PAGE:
Chalk Talk: Should Governments Fund Two School Systems?
By Bruce Patterson
on October 18, 2010
Our Talk Back columnists are usually anonymous, but Bruce Patterson asked to be named. He has been an elementary school teacher in the public board for 21 years and lives in Carleton Place, near Ottawa.
Some provinces have stopped paying for religious schools, others maintain them, despite the duplicate costs.
Today, ballooning provincial deficits have forced boards of education to deal with brutal cost-cutting or inadequate funding increases. This means fewer resources supplied through provincial budgets and more individual schools resorting to fundraising.
Across Canada, student enrolment is on the decline. According to Statistics Canada, enrolment in Ontario schools has declined by 90,000 students in the past six years. Since provincial grant money depends on the number of students in the school system, these funds are reduced, yet the cost of maintaining a half-empty school does not go down in proportion.
Duplicate religious school systems, established a century ago in six provinces, compound the student funding problem. Quebec, which had both Roman Catholic and Protestant schools in French and English, eliminated the religious component in 1997 to simplify the organization and save money in the process. Newfoundland, (mainly to reduce costs and religious discrimination), eliminated its denominational school system in January 1998. Both provinces now have efficient secular public schools for all children.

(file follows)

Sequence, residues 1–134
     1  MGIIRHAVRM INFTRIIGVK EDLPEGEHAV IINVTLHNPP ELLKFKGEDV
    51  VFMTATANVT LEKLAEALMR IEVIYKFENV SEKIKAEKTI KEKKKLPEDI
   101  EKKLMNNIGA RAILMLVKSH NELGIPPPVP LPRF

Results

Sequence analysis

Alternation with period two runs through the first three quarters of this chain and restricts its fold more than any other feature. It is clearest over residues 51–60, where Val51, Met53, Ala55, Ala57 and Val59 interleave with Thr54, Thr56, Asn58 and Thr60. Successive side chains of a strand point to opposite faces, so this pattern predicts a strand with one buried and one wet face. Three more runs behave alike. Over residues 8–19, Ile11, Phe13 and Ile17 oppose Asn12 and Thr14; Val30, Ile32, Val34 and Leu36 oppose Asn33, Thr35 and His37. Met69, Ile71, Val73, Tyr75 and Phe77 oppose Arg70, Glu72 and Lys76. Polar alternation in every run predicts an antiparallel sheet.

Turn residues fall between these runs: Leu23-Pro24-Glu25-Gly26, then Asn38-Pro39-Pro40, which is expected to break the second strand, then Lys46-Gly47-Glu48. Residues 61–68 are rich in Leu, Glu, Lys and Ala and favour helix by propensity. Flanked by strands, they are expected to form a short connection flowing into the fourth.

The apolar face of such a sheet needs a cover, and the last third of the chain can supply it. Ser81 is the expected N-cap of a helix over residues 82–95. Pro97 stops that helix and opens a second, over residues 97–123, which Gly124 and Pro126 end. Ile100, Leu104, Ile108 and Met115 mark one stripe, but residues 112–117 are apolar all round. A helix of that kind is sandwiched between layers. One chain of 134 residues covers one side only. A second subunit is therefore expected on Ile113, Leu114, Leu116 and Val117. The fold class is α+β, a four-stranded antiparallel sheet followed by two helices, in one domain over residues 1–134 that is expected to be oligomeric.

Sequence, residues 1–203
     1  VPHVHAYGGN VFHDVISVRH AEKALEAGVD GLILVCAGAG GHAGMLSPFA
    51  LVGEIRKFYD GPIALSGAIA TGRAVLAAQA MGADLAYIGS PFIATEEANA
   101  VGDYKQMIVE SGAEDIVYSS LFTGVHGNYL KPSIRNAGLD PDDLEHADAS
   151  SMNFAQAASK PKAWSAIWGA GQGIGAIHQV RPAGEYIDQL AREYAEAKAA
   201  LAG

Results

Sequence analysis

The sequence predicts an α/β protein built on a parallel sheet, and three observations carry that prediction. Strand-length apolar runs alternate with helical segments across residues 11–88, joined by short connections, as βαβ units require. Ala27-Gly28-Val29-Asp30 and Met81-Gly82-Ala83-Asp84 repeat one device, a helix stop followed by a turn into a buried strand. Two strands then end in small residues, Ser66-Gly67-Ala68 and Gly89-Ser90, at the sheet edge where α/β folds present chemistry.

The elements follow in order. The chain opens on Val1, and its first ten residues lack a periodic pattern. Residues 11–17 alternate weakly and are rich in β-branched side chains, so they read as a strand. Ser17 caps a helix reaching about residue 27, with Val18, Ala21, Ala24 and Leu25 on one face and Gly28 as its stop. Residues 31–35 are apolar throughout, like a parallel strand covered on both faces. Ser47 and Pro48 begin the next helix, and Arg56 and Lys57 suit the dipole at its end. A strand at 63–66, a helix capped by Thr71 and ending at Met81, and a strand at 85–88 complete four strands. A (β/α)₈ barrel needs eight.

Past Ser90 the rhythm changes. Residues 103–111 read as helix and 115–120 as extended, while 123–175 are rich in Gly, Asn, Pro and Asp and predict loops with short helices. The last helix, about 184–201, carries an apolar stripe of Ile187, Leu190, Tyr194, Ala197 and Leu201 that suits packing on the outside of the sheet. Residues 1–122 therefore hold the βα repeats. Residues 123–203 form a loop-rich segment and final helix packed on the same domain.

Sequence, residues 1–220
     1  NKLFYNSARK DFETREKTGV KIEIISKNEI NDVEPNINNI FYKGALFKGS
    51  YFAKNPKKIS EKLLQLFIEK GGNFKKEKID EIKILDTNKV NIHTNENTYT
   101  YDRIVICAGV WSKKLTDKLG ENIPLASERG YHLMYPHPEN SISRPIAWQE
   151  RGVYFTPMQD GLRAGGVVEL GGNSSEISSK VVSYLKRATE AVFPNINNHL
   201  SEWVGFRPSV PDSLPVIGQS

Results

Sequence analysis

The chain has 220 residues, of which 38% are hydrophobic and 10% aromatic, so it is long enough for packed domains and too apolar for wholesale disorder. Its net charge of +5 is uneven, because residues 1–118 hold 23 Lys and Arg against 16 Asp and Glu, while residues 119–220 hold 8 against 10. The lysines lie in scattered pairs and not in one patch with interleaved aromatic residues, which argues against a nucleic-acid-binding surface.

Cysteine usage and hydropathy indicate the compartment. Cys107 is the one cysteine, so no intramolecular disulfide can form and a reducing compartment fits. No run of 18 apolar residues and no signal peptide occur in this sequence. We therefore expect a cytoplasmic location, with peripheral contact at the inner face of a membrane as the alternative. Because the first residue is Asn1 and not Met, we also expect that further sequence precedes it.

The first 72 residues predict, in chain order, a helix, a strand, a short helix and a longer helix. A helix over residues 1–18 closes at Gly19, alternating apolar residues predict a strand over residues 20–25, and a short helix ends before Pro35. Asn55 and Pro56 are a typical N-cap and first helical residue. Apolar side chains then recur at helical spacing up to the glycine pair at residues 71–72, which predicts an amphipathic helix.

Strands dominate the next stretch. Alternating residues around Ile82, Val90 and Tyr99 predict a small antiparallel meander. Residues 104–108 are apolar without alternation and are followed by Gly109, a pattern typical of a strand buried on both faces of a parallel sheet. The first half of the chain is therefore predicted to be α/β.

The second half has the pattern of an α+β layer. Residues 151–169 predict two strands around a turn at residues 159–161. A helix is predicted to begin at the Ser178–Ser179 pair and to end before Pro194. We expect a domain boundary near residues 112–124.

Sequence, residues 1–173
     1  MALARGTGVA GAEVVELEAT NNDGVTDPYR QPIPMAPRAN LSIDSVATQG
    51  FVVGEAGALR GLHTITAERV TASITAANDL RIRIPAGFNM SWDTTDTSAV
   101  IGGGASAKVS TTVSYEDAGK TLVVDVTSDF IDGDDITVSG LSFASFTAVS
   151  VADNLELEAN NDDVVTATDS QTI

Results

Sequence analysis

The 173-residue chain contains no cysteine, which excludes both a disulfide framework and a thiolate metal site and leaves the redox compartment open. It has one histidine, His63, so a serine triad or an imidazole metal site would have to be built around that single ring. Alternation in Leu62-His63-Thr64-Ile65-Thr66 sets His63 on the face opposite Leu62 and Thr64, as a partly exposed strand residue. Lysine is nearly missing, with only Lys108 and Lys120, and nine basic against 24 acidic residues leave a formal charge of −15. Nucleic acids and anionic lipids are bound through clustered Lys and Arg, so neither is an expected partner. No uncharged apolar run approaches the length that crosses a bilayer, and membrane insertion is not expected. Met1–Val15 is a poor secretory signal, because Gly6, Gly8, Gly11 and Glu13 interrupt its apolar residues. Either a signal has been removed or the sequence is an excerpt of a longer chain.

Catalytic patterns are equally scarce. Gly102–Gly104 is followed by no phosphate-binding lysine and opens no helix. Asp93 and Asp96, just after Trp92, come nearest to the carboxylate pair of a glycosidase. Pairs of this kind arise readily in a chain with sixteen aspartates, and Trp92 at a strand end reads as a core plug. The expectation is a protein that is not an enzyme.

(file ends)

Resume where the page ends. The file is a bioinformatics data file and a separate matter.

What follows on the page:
THE STATUS QUO
Despite a United Nations ruling that funding Roman Catholic separate schools constitutes a violation of the International Covenant of Civil and Political Rights, the governments of Ontario, Alberta, Saskatchewan and the Yukon still fund religious education. Ontario has a public system in French and English and a publicly funded Roman Catholic separate system, also in French and English. These dual systems duplicate buildings and a bureaucracy, as well as require extra busing, with its attendant fuel costs and pollution. Some provinces partially fund private schools, too. While the tuition fees reduce the public dollars required, there remains the community cost of dividing students on the basis of social status and/or religion while reducing the size and efficiency of the public system. With Ontario’s declining enrolment problem, there are now two schools (sometimes on the same block) that are under capacity, instead of just one. Since most Ontario communities have at least one separate school, and declining enrolment means that one school must close, students from the closed school must be bused for as long as an hour to get to the next appropriate school. The families of the closed school have now lost their community focal point. Children who grow up and play together on the same street are divided on the basis of religion when it is time to go to school. This also results in a loss of community.
When I was in high school in Ontario in the early 1980s, most of the teenagers in my small town went to the same public high school. I made life-long friends of all faiths and backgrounds, including Roman Catholic. In 1985, the Ontario government extended public funding of Roman Catholic schools to the end of grade 12. Today in Ontario, children from kindergarten to grade 12 are segregated on the basis of religion, by government decree. That segregation applies to teachers, too. Those who do not subscribe to the Roman Catholic faith are denied employment in separate schools, in violation of our Charter of Rights.
NOT CARVED IN STONE
The exclusive discriminatory full public funding of schools for only one faith group is not carved in stone. It can be changed, as we’ve seen in Manitoba, Quebec and Newfoundland. Simple justice demands that Ontario, Alberta, Saskatchewan and the Yukon follow their lead to end government sponsored religious discrimination and therefore bring economic and social cohesion with all children together in one secular public school system, where religion classes, as requested, can take place after school hours.
Published in November 2010.
By Bruce Patterson|
October 18, 2010